Nature and Perturbation

In nature, lots of things change continuously. That is Physics 101. In fact, it’s Cosmology 101 or Astronomy 101 or Whatever 101 as well.
An example is a hot system that cools down, changing its temperature over time: depending on the moment you observe the system, you see a different temperature.
These systems can be described mathematically by differential equations, like “Each small change in temperature T per unit of time t, say \tfrac{dT}{dt}, starting from an initial value, can be described as a linear change in the difference in temperature, say -k(T_0 - T_{end}).

There’s a problem with this kind of equation, however. There is no formal, strict way to get to the exact solution in all circumstances. First of all the answer to a differential equation is no particular solution like y=23, but rather a group of functions with unknown variables. To find these variables we need those initial values, like “the temperature T at time t=0 is 100 degrees Celsius, and the temperature of the room around the boiling water is 20 degrees Celcius.”

In the above case it’s easy to find those conditions, because we can test it out in real life and model our equations based on the observations. But as soon as things become more complicated, those simple solutions will start to fail. If you have an equation like “three times the function is equal to the sum of the first derivative and the second derivative”, or

    \[6y=y'+y''\]

you have to resort to preconceived wisdom and guesswork, like “might that be e^{2x}? Then we get 6e^{2x}=2e^{2x}+4e^{2x}.”

The weirder and more complicated the systems (like in general relativity, quantum mechanics or theories like superstring theory or loop quantum gravity, working with higher dimensions in geometry (like 6-dimensional Calabi-Yau manifolds) and other complex systems, the more inaccessible the differential equations become.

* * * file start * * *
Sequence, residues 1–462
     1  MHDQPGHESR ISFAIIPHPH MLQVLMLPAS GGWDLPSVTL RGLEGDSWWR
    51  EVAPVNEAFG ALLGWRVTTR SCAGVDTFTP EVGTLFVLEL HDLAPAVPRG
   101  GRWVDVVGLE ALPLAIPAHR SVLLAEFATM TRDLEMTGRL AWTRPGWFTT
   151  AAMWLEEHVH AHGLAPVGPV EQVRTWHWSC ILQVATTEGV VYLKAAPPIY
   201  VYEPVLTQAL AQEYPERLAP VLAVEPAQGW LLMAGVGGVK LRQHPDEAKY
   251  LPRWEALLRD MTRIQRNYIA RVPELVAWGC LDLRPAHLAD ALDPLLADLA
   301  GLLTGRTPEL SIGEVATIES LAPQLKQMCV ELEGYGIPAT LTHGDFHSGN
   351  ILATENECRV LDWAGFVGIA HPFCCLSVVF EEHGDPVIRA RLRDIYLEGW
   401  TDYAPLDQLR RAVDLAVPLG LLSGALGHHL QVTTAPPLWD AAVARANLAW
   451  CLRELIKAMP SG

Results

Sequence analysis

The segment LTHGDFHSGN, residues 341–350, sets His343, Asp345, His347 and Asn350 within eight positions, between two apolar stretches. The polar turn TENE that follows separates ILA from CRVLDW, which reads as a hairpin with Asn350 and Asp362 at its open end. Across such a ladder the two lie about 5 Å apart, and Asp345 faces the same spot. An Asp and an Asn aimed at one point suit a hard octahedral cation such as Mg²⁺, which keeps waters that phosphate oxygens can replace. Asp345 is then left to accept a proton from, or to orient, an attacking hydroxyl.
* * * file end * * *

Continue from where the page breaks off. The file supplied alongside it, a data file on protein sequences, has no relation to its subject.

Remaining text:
How do the scientists cope with that problem? They often start from a simple, well-known system they can describe, throw it at a computer (in most cases) and tell it to start looking for ever closer solutions.
Say you want to renovate your bathroom. You ask a plumber what it will cost. The plumber is familiar with this kind of work, so he tells you that the price will be around €10,000. You ask him to make a detailed quotation. He comes back with a price of €10,175. After you give him the go-ahead he’ll finish the work with a definite bill. Now he knows exactly how many hours, how many nuts and bolts and other materials he has used. So the bill ends at €10,253.10. You give him €10,254 and tell him to keep the change.

The way he arrives at the final sum is the same way you (or the computer) should be able to find a best approximation of your differential equation. This method is described by perturbation theory. An example of perturbation is solving an equation with the use of power series, getting closer and closer to the best solution.

In a sense it is weird to realize that a discipline like math is not able to perform an exact solution within its formal framework. No doubt math will develop new methods to better approximate or even directly solve these equations. Remember Newton, Mercator and Leibniz. When they realized they had no mathematical method to solve the problems they wanted to solve, they just invented the new math they needed (infinitesimals, integrals and differentials). That is cool. Even in the 17th century that was considered cool. And nowadays it still is.